Allende’s words unconsciously echo Olmsted’s: “Every public building should exhibit paintings, every mall should be a place for theater and poetry, every park a concert hall, every empty lot the setting for sculptures. Our children should be educated toward curiosity and originality. All human beings are creative; the responsibility of society is to use that creativity for better evolution and development.20 Julie Numbers Smith is executive director of the Boise City Arts Commission, and for her, art and good government are intertwined: All city agencies should be about supporting the whole of the community in their various roles, be it safety, protection, clean water, transportation and yes, cultural development. Who wants to live a city that is safe, well-plumbed and boring? If my city is homogenized with commercial enterprise like every other city, how can I feel any pride or sense of place? As an agency director I must ask: ‘How can we create community around a fireplug or a streetlight or a police car?’ The arts must be integrated into every level of governance from building social capital to the built environment.21
Cross-Cultural Communication

Executive Director Ruth Ellen Whitt of the Texarkana Regional Arts and Humanities Council (TRAHC) said, “In our beginning, TRAHC leaders expressed their essence this way: ‘Through the arts we grow in compassion and understanding of one another.’ It’s still true. We need both today.”22 Among the most important of America’s challenges today is that of intercultural understanding, in the interest of an inclusive and equitable society. Because local arts agencies embody a love of place and a desire to build and strengthen their places, they are naturally concerned with the processes by which people can help the community they share move forward. Given America’s history of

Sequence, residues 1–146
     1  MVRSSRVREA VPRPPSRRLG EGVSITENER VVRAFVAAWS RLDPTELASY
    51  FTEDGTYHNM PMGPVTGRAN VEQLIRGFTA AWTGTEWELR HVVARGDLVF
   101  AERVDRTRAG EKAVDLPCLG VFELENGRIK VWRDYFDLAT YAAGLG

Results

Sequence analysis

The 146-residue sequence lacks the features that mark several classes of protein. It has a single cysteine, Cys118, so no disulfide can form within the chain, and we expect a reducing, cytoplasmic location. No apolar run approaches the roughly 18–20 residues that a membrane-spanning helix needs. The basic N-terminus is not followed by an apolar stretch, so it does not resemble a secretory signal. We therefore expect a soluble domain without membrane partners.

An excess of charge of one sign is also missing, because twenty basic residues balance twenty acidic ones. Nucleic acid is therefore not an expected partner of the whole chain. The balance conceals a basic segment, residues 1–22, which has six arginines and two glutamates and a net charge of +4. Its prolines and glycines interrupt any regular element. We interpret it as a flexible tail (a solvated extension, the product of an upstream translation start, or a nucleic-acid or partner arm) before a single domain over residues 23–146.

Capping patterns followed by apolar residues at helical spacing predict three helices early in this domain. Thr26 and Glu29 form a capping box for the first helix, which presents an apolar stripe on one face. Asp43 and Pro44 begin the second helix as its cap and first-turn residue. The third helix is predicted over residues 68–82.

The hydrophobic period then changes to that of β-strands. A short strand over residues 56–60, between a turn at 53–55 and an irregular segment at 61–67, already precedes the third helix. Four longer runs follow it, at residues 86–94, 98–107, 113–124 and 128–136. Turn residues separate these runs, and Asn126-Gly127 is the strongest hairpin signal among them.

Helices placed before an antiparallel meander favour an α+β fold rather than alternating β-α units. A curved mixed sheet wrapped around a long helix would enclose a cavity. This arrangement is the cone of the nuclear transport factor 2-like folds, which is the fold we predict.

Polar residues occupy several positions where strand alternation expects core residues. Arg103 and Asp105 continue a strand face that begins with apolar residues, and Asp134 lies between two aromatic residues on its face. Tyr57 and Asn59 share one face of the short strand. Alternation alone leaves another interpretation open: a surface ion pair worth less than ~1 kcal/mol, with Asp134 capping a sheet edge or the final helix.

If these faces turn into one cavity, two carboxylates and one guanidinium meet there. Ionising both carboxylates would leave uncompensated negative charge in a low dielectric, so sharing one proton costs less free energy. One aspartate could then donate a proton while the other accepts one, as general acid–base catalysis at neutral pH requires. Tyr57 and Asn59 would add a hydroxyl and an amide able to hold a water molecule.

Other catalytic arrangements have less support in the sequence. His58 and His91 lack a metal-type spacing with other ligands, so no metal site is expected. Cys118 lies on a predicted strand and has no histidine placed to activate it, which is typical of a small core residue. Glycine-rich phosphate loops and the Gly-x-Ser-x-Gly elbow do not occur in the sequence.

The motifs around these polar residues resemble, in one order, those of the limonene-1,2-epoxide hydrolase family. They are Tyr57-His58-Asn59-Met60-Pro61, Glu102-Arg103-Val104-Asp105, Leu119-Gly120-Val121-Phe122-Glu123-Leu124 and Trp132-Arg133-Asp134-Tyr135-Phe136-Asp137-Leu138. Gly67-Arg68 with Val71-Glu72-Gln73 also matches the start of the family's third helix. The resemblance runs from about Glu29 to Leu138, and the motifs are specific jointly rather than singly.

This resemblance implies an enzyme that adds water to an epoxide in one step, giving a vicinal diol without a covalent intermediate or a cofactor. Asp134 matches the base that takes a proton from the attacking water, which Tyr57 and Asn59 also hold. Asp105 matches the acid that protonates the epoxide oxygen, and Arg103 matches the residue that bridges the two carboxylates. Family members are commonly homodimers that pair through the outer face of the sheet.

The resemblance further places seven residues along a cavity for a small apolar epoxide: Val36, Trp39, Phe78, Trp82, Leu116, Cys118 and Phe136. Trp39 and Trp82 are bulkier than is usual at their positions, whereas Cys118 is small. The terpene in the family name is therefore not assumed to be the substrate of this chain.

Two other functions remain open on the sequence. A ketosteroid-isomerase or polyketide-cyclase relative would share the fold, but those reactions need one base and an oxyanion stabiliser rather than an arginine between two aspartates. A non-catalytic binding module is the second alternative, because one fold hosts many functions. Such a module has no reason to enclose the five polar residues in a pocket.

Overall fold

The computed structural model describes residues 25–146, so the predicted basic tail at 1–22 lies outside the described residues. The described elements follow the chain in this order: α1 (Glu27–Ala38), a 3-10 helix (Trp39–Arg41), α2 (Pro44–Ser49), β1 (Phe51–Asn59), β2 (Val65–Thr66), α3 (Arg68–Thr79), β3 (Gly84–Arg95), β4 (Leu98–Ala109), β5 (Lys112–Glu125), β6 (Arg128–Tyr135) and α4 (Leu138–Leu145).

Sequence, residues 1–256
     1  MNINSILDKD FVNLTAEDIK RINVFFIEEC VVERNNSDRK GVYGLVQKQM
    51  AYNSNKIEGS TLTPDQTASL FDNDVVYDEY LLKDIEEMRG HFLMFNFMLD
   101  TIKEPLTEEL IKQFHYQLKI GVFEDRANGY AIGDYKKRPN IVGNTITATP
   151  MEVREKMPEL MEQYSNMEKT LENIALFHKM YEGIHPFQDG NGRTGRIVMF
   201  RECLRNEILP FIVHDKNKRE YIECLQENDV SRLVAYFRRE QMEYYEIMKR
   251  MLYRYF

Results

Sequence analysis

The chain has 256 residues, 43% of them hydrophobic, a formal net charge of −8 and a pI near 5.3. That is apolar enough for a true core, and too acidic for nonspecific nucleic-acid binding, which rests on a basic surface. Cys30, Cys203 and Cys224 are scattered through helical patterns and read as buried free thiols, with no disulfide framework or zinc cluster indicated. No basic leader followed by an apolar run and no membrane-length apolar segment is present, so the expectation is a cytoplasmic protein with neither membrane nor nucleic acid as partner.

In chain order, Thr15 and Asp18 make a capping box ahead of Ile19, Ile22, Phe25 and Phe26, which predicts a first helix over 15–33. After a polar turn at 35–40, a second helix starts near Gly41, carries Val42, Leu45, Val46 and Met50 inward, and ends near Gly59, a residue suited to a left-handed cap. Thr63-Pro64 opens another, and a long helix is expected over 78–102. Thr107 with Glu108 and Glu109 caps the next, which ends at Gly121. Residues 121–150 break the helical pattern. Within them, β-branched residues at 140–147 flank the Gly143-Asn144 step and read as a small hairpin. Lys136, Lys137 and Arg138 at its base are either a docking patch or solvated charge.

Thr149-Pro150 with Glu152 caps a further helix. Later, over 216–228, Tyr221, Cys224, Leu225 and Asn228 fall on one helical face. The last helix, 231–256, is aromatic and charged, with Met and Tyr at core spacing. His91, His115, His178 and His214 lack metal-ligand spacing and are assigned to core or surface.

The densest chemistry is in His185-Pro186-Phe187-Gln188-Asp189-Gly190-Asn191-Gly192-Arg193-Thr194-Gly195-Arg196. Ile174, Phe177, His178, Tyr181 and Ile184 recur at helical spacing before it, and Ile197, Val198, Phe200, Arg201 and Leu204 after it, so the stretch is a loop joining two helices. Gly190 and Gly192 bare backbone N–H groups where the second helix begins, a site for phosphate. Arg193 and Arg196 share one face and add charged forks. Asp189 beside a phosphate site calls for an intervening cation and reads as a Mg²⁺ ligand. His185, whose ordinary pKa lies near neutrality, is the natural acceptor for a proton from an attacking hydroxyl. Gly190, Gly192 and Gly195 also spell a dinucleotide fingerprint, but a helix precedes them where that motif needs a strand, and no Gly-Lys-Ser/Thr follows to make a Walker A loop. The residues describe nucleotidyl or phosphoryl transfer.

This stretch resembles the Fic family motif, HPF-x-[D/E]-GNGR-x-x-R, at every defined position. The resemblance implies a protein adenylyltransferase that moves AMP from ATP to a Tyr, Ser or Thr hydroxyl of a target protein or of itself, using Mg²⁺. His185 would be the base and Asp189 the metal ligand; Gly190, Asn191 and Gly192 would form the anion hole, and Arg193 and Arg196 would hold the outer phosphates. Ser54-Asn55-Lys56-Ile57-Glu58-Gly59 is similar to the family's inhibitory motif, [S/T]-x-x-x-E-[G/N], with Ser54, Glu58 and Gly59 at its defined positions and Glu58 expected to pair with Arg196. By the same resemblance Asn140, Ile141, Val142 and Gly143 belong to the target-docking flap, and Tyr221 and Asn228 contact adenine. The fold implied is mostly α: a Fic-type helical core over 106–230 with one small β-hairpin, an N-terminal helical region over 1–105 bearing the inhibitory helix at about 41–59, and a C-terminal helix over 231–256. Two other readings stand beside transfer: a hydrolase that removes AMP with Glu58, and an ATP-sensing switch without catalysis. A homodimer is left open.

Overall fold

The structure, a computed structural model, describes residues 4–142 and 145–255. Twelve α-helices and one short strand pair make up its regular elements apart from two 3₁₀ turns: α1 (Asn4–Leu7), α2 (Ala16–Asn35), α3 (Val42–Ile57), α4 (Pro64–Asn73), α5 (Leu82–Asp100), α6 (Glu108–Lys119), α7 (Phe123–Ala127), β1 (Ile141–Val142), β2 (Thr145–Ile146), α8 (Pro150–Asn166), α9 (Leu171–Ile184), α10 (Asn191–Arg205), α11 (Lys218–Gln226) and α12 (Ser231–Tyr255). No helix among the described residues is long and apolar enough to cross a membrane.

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Building a Sense of Place

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Many LAAs have worked to ensure the presence of artists on all public works committees, from planning manhole covers to bridges. In other places—Sioux Falls, SD, or Grand Junction, CO, for instance—LAAs work informally with businesses, downtown development authorities, and local government to place temporary public artworks that remain on view for a year in the downtown.

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LAAs have instituted more formal “percent for art” programs, in which the municipality sets aside a certain percent of the cost of public buildings—or in some cases, of any public project including roads, parks, and public utilities—for artwork for these buildings or sites. Karen Bubb, manager of the city of Boise’s public art program said, “In an urban setting, where so much of what is truly important is obscured from view, public art is often all that remains to remind us that we are nourished most fundamentally by that which touches our imagination.” 23